Two-year-old Baelyn Schwab may look healthy now, but just a few weeks ago, the South Dakota toddler's health took a sudden turn.
"Her eyes looked a little bit yellow. We took her to the doctor, and all of her liver enzyme labs were extremely elevated," her mom, Kelsea Schwab, told CBS News.
After doctors learned Baelyn's liver was inflamed, she was flown to M Health Fairview Masonic Children's Hospital in Minneapolis. She was eventually diagnosed with a— whose cause remains unknown — and is still recovering at the hospital.
Baelyn is one of at least 180 kids infected with severe hepatitis across 36 U.S. states and territories since October, according to the Centers for Disease Control and Prevention. Most recovered, but 15 needed organ transplants and six have died, the CDC told reporters on Friday.
Scientists are baffled by the mysterious outbreak and wonder if it could be linked to the.
Before Baelyn's diagnosis was confirmed, the family "had no clue what was happening" for the first three days that she was hospitalized, Schwab said.
"Then all of a sudden, the next day hit, and kind of everything just went [into] chaos," she said. "Her labs skyrocketed. Neurologically, she wasn't 100% there. It was very hard. You see your kid deteriorating in front of your eyes like overnight."
As Baelyn's liver began to fail, she went to the top of the transplant list, and within days a donor was found. After the eight-hour transplant surgery, doctors found that 90% of her removed liver was damaged tissue. Now Baelyn is getting stronger every day.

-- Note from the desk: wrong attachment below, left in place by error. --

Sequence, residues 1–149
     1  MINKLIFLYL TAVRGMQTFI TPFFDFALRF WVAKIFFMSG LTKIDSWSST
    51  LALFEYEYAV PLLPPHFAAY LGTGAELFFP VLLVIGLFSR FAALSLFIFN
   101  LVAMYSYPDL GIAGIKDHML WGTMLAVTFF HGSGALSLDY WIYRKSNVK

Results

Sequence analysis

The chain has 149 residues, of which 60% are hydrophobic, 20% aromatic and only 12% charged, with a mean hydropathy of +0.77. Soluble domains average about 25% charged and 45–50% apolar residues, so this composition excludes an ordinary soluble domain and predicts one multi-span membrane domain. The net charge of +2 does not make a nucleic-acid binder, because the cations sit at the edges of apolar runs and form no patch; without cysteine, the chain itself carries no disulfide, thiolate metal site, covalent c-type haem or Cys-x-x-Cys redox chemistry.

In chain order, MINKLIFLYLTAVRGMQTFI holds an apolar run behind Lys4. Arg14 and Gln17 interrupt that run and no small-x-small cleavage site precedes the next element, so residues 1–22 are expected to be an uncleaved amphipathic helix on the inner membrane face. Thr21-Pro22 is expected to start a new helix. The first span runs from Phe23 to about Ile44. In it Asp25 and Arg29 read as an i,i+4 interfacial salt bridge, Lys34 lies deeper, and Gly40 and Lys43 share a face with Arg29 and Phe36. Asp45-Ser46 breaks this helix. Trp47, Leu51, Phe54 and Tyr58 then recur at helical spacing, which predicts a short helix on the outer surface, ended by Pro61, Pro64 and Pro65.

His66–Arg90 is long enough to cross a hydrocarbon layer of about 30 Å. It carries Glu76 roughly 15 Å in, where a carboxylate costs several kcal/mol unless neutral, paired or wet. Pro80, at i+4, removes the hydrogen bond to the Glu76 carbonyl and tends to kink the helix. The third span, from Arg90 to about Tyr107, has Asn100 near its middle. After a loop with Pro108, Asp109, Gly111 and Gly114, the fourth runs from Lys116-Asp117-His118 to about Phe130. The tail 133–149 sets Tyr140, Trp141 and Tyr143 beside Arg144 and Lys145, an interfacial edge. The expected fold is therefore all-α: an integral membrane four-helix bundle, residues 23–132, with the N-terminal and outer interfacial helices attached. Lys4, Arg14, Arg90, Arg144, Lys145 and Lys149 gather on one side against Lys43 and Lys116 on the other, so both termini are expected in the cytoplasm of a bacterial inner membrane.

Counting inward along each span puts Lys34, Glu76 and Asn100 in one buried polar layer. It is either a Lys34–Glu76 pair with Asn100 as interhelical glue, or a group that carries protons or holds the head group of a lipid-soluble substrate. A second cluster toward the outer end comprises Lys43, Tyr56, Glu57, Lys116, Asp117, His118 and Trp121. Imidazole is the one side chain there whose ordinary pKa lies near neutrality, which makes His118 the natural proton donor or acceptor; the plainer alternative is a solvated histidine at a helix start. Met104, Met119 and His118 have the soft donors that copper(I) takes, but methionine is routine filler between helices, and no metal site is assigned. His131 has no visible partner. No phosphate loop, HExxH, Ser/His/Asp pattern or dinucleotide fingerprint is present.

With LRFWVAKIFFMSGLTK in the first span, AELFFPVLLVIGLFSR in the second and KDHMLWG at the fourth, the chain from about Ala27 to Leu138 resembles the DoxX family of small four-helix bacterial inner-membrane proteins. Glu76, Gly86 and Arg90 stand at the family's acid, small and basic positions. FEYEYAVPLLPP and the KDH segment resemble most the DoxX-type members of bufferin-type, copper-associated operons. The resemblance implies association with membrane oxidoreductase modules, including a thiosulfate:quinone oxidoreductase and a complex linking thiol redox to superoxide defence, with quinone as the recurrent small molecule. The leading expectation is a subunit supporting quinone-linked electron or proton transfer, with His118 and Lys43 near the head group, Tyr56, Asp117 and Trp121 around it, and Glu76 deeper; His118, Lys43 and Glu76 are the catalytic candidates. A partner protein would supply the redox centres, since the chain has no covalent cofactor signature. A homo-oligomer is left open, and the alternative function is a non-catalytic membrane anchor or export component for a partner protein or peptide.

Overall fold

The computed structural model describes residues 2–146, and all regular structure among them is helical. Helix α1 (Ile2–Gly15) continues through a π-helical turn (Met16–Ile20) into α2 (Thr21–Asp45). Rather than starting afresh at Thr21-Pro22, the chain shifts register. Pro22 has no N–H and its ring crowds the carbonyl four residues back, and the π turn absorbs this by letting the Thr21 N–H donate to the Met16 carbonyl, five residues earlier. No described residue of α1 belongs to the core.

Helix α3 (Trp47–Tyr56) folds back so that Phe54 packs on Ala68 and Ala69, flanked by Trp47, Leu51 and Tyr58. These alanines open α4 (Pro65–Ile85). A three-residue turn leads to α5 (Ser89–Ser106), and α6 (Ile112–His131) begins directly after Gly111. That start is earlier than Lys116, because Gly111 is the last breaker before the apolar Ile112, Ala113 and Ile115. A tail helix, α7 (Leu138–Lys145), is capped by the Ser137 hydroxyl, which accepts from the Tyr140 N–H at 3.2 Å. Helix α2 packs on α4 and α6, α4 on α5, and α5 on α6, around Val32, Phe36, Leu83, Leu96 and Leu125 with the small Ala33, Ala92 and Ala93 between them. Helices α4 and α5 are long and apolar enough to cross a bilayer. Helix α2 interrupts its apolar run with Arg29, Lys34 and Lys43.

"I'm actually thrilled with the entire progress," said her doctor, Srinath Chinnakotla.
The pediatric transplant surgeon had already performed another transplant this year on an even younger child.
"We would do maybe one transplant for liver failure a year, maybe every other year. But this year we have already done two transplants for acute liver failure. That's certainly a concern for us," he said.
Even before Baelyn's illness, it had been a difficult year for the family. In December, the Schwabs had to pull together when their youngest child, 11-month-old Laramie, died from sudden infant death syndrome.
Baelyn has done remarkably well so far in her recovery, but she will have to take anti-rejection medications for the rest of her life and be closely monitored for transplant rejection and the risks associated with the medications.
"I think she's defied all odds as far as recovery and how fast she's bouncing back. She, honestly, is an inspiration for me," her mother said.
Senior medical correspondent Dr. Tara Narula noted that the condition is extremely rare. Most of the patients news release.have recovered, and the vast majority of cases confirmed last week are considered "retrospective" patients, who may have been diagnosed up to seven months ago, according to the agency. So "not all are recent, and some may ultimately wind up not being linked to this current investigation," the CDC said in a
"That being said, parents should be aware that the median age is around 2. This is affecting young preschoolers," Narula said Monday on "CBS Mornings."
One of the leading hypotheses is that there may be some association with adenovirus type 41, a very common type of infection. Narula said scientists are also looking into a possible connection to COVID-19, which could have "primed" children's immune system "in such a way that they're having a hyperimmune reaction."
"The CDC is going to have to uncover this medical mystery," she said.
The CDC says parents should look out for the following symptoms:
- loss of appetite
- abdominal pain
- dark urine
- light-colored stools
- joint pain
- jaundice (yellowing of the skin)
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